Wearable medical technology is becoming a hot commodity. As these devices come to market, they have the potential to help both patients and clinicians monitor vital signs and symptoms.
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Danfoss PolyPower A/S is working to develop and commercialize its electroactive polymer technology, called PolyPower. The company's first design focuses on stretch sensors that safely and precisely measure displacement on or close to the human body, such as motions, breathing, swelling, posture, and so on. The sensors are made of PolyPower -- the company's Dielectric Electroactive Polymer (DEAP) material -- combined with electrical connections.
The capacitive principle of the sensor, the company said, gives it high accuracy and repeatability so it can be integrated with textiles and wearable devices. This makes it ideal for applications within the medical and sports industries. In addition to the Danfoss PolyPower A/S, the company is offering OEM solutions in the U.S.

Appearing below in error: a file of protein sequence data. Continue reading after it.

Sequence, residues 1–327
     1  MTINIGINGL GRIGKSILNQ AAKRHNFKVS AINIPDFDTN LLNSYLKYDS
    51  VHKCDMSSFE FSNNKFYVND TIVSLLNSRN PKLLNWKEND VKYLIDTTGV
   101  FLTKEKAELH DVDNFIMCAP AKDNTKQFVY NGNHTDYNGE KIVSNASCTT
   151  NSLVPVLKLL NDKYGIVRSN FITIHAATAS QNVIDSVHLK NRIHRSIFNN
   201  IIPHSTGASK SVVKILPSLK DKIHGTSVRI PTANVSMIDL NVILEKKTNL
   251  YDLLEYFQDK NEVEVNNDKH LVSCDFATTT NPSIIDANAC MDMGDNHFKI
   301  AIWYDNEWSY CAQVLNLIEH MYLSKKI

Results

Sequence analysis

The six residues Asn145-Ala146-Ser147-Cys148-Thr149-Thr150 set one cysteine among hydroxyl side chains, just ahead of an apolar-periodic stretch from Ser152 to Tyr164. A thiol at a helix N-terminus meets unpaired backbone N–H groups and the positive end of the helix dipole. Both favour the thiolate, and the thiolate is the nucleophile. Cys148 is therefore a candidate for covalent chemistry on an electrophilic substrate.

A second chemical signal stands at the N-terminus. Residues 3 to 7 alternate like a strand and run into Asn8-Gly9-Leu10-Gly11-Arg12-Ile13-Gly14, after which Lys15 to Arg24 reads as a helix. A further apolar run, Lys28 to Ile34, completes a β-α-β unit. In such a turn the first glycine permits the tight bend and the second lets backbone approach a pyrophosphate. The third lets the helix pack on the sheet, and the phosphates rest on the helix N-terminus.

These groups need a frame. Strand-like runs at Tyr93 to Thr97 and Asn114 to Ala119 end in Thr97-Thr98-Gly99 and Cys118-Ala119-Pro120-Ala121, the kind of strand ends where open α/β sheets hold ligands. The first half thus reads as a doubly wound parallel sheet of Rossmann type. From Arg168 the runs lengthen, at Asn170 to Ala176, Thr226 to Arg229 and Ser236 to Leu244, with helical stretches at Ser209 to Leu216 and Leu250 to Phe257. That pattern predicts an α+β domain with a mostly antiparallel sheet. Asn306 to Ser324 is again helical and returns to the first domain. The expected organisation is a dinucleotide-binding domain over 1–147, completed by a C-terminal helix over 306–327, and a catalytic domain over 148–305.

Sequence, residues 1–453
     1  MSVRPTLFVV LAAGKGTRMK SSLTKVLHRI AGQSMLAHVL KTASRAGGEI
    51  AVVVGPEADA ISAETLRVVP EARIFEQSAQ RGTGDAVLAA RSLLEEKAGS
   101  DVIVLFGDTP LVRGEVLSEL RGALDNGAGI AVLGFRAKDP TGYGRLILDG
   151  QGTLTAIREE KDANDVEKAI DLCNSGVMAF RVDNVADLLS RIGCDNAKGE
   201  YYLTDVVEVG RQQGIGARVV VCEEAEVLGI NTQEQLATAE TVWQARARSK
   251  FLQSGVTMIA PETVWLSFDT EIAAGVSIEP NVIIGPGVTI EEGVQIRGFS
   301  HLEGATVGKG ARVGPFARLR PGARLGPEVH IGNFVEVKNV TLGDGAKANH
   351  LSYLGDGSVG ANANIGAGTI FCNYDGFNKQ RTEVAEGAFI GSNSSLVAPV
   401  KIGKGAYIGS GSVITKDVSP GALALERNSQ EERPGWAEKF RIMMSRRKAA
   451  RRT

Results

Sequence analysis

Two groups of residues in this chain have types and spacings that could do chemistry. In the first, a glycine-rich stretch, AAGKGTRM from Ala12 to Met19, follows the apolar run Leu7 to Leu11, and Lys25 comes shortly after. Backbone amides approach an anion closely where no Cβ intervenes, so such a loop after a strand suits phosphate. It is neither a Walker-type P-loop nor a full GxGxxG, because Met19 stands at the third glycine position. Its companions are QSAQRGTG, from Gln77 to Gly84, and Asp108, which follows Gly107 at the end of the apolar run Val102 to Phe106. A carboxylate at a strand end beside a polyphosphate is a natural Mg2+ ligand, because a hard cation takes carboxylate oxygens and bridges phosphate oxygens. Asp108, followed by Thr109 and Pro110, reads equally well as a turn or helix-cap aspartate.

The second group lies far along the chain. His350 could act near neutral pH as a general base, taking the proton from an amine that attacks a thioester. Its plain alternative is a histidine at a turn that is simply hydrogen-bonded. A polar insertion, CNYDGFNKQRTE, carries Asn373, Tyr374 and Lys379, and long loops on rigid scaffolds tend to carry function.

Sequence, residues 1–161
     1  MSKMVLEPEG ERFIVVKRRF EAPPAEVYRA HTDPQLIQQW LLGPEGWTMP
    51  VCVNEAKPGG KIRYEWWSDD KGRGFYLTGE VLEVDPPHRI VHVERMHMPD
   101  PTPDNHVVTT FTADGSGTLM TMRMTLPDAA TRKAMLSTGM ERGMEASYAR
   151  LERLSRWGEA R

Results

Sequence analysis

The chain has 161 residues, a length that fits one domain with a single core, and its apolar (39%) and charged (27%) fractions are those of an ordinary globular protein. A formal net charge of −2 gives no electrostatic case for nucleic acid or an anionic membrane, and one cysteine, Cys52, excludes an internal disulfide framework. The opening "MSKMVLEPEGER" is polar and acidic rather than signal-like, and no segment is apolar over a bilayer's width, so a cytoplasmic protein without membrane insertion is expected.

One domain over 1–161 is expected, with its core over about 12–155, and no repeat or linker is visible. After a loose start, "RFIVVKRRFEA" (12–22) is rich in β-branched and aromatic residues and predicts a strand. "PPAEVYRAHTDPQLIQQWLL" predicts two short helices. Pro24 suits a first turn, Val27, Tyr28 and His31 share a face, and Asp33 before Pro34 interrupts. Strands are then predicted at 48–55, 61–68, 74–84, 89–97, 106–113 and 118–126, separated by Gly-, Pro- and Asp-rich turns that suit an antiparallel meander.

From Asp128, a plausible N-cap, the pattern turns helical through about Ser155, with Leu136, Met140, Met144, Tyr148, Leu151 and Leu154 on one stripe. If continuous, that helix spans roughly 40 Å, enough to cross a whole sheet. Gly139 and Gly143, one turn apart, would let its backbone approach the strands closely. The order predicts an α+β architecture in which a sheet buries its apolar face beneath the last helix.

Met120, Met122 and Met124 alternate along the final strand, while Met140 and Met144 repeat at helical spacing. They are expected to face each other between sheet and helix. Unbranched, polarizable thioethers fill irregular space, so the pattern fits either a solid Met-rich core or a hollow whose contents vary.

InformationWeek Elite 100Our data shows these innovators using digital technology in two key areas: providing better products and cutting costs. Almost half of them expect to introduce a new IT-led product this year, and 46% are using technology to make business processes more efficient.
The UC Infrastructure TrapWorries about subpar networks tanking unified communications programs could be valid: Thirty-one percent of respondents have rolled capabilities out to less than 10% of users vs. 21% delivering UC to 76% or more. Is low uptake a result of strained infrastructures delivering poor performance?
InformationWeek Tech Digest, Nov. 10, 2014Just 30% of respondents to our new survey say their companies are very or extremely effective at identifying critical data and analyzing it to make decisions, down from 42% in 2013. What gives?